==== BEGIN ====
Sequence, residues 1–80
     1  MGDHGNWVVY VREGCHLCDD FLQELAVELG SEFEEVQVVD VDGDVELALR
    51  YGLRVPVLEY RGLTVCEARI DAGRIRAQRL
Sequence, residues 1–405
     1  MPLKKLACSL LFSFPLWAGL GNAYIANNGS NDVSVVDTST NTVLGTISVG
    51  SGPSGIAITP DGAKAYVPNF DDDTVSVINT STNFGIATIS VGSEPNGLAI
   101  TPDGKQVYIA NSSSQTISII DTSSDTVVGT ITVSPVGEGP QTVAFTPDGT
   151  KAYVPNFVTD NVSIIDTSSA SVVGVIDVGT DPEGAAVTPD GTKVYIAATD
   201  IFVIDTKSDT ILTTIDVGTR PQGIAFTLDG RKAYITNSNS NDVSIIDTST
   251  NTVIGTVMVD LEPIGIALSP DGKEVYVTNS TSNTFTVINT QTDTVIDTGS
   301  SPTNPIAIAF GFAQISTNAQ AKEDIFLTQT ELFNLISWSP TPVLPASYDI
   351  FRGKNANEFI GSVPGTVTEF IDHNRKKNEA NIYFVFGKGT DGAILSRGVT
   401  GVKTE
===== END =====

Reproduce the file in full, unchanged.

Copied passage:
Sequence, residues 1–80
     1  MGDHGNWVVY VREGCHLCDD FLQELAVELG SEFEEVQVVD VDGDVELALR
    51  YGLRVPVLEY RGLTVCEARI DAGRIRAQRL
Sequence, residues 1–405
     1  MPLKKLACSL LFSFPLWAGL GNAYIANNGS NDVSVVDTST NTVLGTISVG
    51  SGPSGIAITP DGAKAYVPNF DDDTVSVINT STNFGIATIS VGSEPNGLAI
   101  TPDGKQVYIA NSSSQTISII DTSSDTVVGT ITVSPVGEGP QTVAFTPDGT
   151  KAYVPNFVTD NVSIIDTSSA SVVGVIDVGT DPEGAAVTPD GTKVYIAATD
   201  IFVIDTKSDT ILTTIDVGTR PQGIAFTLDG RKAYITNSNS NDVSIIDTST
   251  NTVIGTVMVD LEPIGIALSP DGKEVYVTNS TSNTFTVINT QTDTVIDTGS
   301  SPTNPIAIAF GFAQISTNAQ AKEDIFLTQT ELFNLISWSP TPVLPASYDI
   351  FRGKNANEFI GSVPGTVTEF IDHNRKKNEA NIYFVFGKGT DGAILSRGVT
   401  GVKTE